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Traditional and modern cotton dhurrie rugs.
Photo from Vivek Shrivastava (4)_edited_edited.jpg


Kalāvilāsa is a brand of Forum For Rural Weavers, a not-for-profit company working towards protecting India’s cultural heritage and providing rural livelihoods. It works with artisan groups in central India to create exquisite hand woven punja dhurries and cushion covers. Each dhurrie is hand-made on a traditional wooden loom using weaving techniques which have been passed through generations. Most of the weavers work in Hatwa village in Madhya Pradesh, and live in the vicinity. 

A Navy blue cotton dhurrie area rug complementing the vintage furniture.
Image of a weaving loom.


Image of a weaving loom.
Lush green Hatwa village during the monsoon.



  Situated to the north of the mighty Sone river, Hatwa village lies in the foothills of Kaimur hills in central India. Landholdings are small, soil is fertile, and people practice rain-fed, and largely subsistence farming. Because of a lack of industries, the area has practically no employment opportunities outside agriculture. Consequently, most of the able young men leave for work to the more prosperous states. In the earlier days, many people from the village were employed in the weaving workshops in the neighboring state of Uttar Pradesh. That work has reduced to a trickle now, and many weavers have taken up alternate professions. Kalavilasa has tapped into this base of weavers to provide them work in their native villages. The number of weavers is dwindling, as the youth are more inclined to work in the cities which appear attractive, and urban work is considered a move up the social ladder.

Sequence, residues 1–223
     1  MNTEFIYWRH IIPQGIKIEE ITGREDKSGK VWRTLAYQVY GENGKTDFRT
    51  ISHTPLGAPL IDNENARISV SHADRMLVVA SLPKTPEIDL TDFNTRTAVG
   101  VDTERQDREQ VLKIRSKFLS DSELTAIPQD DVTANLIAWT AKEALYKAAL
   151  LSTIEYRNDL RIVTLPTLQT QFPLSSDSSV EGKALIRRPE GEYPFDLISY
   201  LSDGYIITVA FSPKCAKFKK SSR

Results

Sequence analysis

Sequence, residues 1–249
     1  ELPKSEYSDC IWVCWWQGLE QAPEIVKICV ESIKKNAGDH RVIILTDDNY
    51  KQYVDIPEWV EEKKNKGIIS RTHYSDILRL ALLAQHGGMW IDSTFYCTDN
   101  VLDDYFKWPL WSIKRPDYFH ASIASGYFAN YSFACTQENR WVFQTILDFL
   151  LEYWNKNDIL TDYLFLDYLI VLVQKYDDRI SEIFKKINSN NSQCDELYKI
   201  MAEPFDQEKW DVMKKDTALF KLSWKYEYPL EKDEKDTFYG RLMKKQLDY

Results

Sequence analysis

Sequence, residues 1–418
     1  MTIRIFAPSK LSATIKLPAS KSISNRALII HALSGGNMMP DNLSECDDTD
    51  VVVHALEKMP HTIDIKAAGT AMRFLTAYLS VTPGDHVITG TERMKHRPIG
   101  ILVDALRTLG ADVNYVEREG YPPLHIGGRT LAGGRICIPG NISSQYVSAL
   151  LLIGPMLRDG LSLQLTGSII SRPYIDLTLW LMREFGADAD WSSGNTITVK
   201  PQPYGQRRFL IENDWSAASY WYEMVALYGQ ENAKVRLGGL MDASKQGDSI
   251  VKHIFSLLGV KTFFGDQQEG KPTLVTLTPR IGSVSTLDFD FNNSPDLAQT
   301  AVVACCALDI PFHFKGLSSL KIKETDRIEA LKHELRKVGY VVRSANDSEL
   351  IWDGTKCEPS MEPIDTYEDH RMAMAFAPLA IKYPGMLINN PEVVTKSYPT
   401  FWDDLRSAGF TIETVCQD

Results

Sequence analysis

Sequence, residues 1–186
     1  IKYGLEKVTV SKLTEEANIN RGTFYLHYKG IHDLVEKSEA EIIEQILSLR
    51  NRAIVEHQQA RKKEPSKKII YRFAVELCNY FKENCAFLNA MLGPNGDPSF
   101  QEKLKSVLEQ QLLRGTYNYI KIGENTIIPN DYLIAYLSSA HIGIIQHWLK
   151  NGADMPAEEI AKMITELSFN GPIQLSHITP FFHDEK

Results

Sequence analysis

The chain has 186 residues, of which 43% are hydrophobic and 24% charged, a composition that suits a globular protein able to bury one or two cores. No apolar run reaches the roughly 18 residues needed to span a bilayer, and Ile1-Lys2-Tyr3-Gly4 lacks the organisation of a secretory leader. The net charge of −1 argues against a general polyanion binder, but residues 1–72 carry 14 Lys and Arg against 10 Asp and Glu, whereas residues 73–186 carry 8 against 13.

Image of a weaving loom.



Flat-weave rugs are called dhurries in India. They have been woven for centuries, perhaps more than a millenium. Dhurrie was primarily a utilitarian textile, being used for purposes such as covering a wooden bed, or seating people on a bare floor, or as a prayer mat. The design of the dhurrie was simple, and typically featured stripes. It was always made of cotton, and was woven in households. 

A vintage image depicting a Carpet weaver in Lucknow, 1871.

Carpet weaver in Lucknow,1871.

A vintage image depicting a vintage dhurrie based on a carpet.

A vintage dhurrie based on carpet.

In the 16th century, Mughal kings brought carpet and its weavers from Persia to India. Unlike a dhurrie, it was a decorative textile which had a pile, and was made of wool and silk. The design of a carpet influenced the dhurrie design, which the Indian artisans readily adopted and internalized. Indian motifs like lotus and peacock were added to the design portfolio. To cater to demands from Europe, pictorial and floral designs were woven in the dhurrie. During colonial rule in India, the British found a novel use of dhurrie by getting the prisoners to weave dhurries in Indian jails. To this day, the best vintage dhurries are the ones made in a jail.

 The Rajasthan Maharajas were enamored by the Persian kilims, a flat-weave rug admired for its geometrical patterns and earthy hues . Made of wool, these kilims were unsuitable for the hot weather in Rajasthan. The local artisans were asked to make decorative cotton dhurries, a first in India. Unlike kilims, the Rajasthan cotton dhurries were made in bright colours, and used local motifs.

A vintage image depicting a vintage dhurrie with stripes.

A vintage stripes dhurrie.

A vintage image depicting a wool dhurrie carpet made in colonial India.

Natural traders, the British encouraged Indian artisans to make wool dhurries, primarily for export to the UK. After independence, the patronage of Maharajas diminished in Rajasthan and the British owners of wool dhurrie workshops left India. Since then, dhurries have made a comeback as a chic rug in the world of home textiles.